Announcing cross-town events on collaborative scholarship!

The Co-Creators of 10 PRINT and Digital_Humanities Get Together to Talk about New academic Authoring:

12PM Broad art center
240 Charles E. Young Drive, RM 1250
LA, Ca 90095
310-825-9007 for info
6pm, Kerkhoff (KER)
734 W Adams
LA, CA 90089

A presentation and discussion about emerging models of collaborative writing and scholarship featuring authors of the recently published 10 PRINT CHR$(205.5+RND(1)); : GOTO 10 and Digital_Humanities (both from the MIT Press & both available in open access, freely downloadable versions).

10 Print takes a single line of code—the extremely concise BASIC program for the Commodore 64 inscribed in the title—and uses it as a lens through which to consider the phenomenon of creative computing and the way computer programs exist in culture. Digital_Humanities explores methodologies and techniques unfamiliar to traditional modes of humanistic inquiry—including geospatial analysis, data mining, corpus linguistics, visualization, and simulation—to revitalize the liberal arts tradition in the electronically inflected, design-driven, multimedia language of the twenty-first century.

The authors chose to create unified, choral voices for their books, a choice more common in the sciences than the humanities, rather than collecting individually attributed chapters or essays.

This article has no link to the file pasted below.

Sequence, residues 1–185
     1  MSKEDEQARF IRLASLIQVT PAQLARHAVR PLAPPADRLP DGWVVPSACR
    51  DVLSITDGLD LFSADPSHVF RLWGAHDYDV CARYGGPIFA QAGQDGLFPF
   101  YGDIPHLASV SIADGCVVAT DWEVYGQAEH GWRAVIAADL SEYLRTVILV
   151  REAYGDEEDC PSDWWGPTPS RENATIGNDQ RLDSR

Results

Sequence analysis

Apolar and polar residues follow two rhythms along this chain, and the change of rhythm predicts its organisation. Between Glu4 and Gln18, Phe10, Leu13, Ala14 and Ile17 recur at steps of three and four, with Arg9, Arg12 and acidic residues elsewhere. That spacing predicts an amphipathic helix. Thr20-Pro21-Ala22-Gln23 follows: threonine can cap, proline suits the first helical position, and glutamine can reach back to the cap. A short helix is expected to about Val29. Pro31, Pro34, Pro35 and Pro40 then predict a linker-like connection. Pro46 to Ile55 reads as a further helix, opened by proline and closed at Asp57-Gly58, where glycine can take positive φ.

From 10 Print: Nick Montfort (MIT), Jeremy Douglass (UCSB), Mark C. Marino (USC), and Casey Reas (UCLA).

From Digital_Humanities: Anne Burdick (Art Center), Johanna Drucker (UCLA), Peter Lunenfeld (UCLA), and Todd Presner (UCLA).

The events are co-sponsored by USC’s Institute for Multimedia Literacy and the Humanities and Critical Code Studies (HaCCS) Lab and by UCLA’s Design Media Arts.

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Announcing the Publication of 10 PRINT CHR$(205.5+RND(1)); : GOTO 10

This week marks the publication of the first book-length work of criticism under the mantle of Critical Code Studies.  Published by MIT Press, 10 PRINT CHR$(205.5+RND(1)); : GOTO 10 is a book borne of the first Critical Code Studies Working Group, following (a labyrinthine path via) a thread offered by Nick Montfort.  Drawing upon approaches of computer science, design, art history, science and technology studies, and more, this volume demonstrates how much can be said about just one line of code, a BASIC program that creates a pattern that resembles mazes.

Writing as one, the ten authors include: Nick Montfort, Patsy Baudoin, John Bell, Ian Bogost, Jeremy Douglass, Mark C. Marino, Michael Mateas, Casey Reas, Mark Sample, Noah Vawter.

10 PRINT demonstrates how much can be said about even one line of code and how just one line of code can serve as the entryway into an exploration of computational culture of a particular historical moment.

Also, since it was published in the Software Studies series with the two editors of the Platform Studies series, Nick Montfort and Ian Bogost, this book offers a glimpse at the intersection of these approaches with Critical Code Studies.  The book explores how the hardware platform made this particular piece of software so compelling as a first taste of the potential of programming to beginners taking  up BASIC.